On Buddhist stupas and visual abundance

On Buddhist stupas and visual abundance

In 1896, Alexander E. Caddy took this photograph of a group of sculptures from the Swat valley after he had them stacked together in a tableau. Caddy, who worked for the Indian Museum of Calcutta (now Kolkata) as a photographer, was perhaps unaware that he was doing a service to the architects and sculptors of ancient Gandhāra by setting the sculptures in this manner. In fact, he was restoring a shadow of the original aesthetic of the monastic setting, one of visual fullness and of almost overwhelming horror vacui.

Alexander Caddy, Buddhist sculptures from the Swat, 1896, photographic print, London: British Library. Photo 1003/(1169).

Caddy’s stacked tableau is an archaeological pastiche: no exact find spots were recorded for any of the objects that appear in the old photograph, and the sculptures are grouped together on the basis of iconographic and morphological affinity, rather than stratigraphic reasons. Fragments of chattras are mounted flat on the wall next to false gables. They are interspersed with meditating and preaching Buddhas and bodhisattvas, who stand alone against the background. Capitals and harmikās are on the floor, and atlantes line together on the shelves close to ceiling. No one would call the rows of sculptures in Caddy’s photograph a ‘reconstruction’ in the sense of the current archaeological parlance. Yet, this image from 1896 has a real merit: it preserves a sense of sculptural overabundance.

Gandhāran stupas were richly decorated. The quadrangular podium of the stupa, which elevated their profile, often had figures of Buddhas and bodhisattvas surrounded by devotees and separated by a row of pilasters. At times, each buddha and bodhisattva was seated under an ogee arch or under pseudo-niches, like in this votive stupa from the monastery of Jaulian, in Taxila.

Unknown artist, One of the votive stupas from the monastery of Jaulian, Taxila. Photograph: Alice Casalini.

On the circular drum of the stupa, the life of the historical Buddha, Śākyamūni, was represented on a series of panels, in a linear development that followed the curve of the monument. In stupas of monumental dimensions – such as Saidu Sharif I, in Swat – the viewer would have reached the drum of the stupa stepping over a series of staircases, in order to engage in the ritual circumambulation, or pradaksina. The devotees followed the Buddha around the circumference of the stupa, as he was born in the human world, attained enlightenment and spread his teachings, until his final moments and the late movements of his bodily relics. Above this register depicting the historical Buddha’s life, the artists often depicted revelers enjoying heavenly pleasures, princely figures and putti moving among garlands while cosmic Buddhas and bodhisattvas are worshipped.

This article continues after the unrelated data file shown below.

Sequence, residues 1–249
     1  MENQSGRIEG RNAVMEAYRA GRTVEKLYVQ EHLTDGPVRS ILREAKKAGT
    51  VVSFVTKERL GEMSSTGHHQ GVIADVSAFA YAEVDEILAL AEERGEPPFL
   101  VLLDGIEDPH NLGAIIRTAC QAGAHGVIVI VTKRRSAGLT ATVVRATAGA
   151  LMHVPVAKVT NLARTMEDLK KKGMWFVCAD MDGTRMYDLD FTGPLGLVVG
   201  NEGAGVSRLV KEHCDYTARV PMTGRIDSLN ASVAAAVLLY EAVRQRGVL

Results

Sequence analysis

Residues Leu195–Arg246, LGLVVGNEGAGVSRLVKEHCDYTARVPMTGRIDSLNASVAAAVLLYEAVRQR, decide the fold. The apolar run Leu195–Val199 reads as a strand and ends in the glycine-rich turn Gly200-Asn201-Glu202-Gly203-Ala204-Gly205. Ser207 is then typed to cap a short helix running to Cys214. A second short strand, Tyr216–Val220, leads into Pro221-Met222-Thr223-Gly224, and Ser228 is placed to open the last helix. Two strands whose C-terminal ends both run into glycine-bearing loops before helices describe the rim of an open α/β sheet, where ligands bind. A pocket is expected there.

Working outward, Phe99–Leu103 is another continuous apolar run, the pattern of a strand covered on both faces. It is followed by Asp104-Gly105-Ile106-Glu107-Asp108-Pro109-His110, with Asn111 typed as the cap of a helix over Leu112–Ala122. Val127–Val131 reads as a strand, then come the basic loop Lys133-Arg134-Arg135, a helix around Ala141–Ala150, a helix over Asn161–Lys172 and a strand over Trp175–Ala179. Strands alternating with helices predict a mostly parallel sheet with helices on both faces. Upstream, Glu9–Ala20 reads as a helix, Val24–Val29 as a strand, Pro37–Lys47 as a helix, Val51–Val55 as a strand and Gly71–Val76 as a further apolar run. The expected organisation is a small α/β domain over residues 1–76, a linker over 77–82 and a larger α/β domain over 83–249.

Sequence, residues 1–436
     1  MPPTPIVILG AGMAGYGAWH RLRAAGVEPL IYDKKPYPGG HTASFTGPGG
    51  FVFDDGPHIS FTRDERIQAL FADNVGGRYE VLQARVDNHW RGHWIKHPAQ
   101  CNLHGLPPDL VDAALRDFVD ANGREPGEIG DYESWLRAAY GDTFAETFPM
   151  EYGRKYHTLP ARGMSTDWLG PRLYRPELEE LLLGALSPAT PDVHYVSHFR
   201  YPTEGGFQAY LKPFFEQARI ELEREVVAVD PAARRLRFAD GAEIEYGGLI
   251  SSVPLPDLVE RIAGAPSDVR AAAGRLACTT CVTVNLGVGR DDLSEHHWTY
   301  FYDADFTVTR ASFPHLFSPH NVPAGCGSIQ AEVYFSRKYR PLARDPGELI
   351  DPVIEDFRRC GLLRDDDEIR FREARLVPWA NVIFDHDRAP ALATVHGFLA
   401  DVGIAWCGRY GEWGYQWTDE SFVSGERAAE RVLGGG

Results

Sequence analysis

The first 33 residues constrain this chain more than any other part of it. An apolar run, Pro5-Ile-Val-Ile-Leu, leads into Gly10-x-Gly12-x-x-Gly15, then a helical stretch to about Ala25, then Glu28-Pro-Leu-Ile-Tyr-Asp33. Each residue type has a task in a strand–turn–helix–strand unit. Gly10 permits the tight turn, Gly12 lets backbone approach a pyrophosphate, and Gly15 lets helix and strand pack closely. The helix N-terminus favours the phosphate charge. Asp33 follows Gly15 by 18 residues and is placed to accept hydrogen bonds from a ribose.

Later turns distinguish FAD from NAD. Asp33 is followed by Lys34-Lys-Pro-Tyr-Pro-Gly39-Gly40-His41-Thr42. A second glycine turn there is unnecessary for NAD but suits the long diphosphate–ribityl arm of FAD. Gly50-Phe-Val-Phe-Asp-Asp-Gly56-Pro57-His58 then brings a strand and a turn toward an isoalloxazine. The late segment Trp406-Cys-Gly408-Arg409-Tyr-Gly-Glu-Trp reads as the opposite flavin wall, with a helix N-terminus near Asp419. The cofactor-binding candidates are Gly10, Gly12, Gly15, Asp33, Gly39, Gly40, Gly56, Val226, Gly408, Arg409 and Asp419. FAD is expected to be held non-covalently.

Unknown artist, Relief panel depicting Asita’s prophecy (bottom right) and Siddharta in school (?) (bottom left. Scenes of devotion above the railing. Lahore Museum. Photograph: Alice Casalini.

Several sculptures from Gandhāra represent religious monuments and buildings of the time, giving an idea of the rich ornamental nature of their surfaces that is now unfortunately lost. This is the case of a relief slab from Sahri Bahlol, now in the Peshawar Museum.

The relief shows a double-domed structure resting on columns of the Gandhāran-Corinthian type. The first dome emerges from a railing, called vedikā, and is decorated with abstract patterns lined across several horizontal registers. Above, the second elongated dome rises from another vedikā, now topped by a row of standing Buddhas under arches. Both domes are filled with rows and rows of geometrical motifs.

Unknown artist, Upper section of a vihara chapel, c. 2-3rd CE, schist, c. 20 x 25 x 4 cm, Peshawar: Peshawar Museum. Photo: Alice Casalini.

Chapel-like structures, like the one represented in this relief, are called viharas and were usually located in a row around the main stupa along the boundaries of the stupa court. The chapels housed inside of them one or more sculptures of a buddha or bodhisattva, either in the form of a single free- standing statue or of a relief slab depicting the Buddha and his retinue. These structures, too, were lined with relief panels, painted and plastered. At the time of monastic use, these chapels were most probably filled with a plethora of perishable materials – colourful fabrics, wall paintings, wooden structures, flowers, garlands, and even votive offerings from devotees and worshipers.

Much is now lost—but even as late as the 7th century, the Chinese monk and pilgrim Xuanzang (602–664 CE) traveling through Swat, Peshawar and Taxila, saw stupas covered with plates of silver and gold, and marvelled at their decoration of precious substances and every kind of precious jewel. This scenario is not unfamiliar to those who have visited a contemporary Buddhist temple: despite the great variation in Buddhist art and architecture across the centuries throughout Eurasia, many sites still to this day embrace an aesthetic based on rich décor, bright colours, and elaborate patterns.

For examples of stupa decoration in the exhibition see EXH1 and EXH74.

[1] Xuanzang, Da Tang Xiyou ji, Taishō shinshū Daizōkyō, 51.2087.

Alice Casalini

Alice received her BA and MA in Languages and Civilisations of Asia and Mediterranean Africa from Ca’ Foscari University of Venice, and studied Buddhist archaeology at the School of Archaeology and Museology of Peking University. She is currently a PhD candidate in art history at the University of Chicago.

Her dissertation explores the ways in which sacred spaces and religious objects in Gandhāra shape their own viewers. She is also a visual artist and illustrator.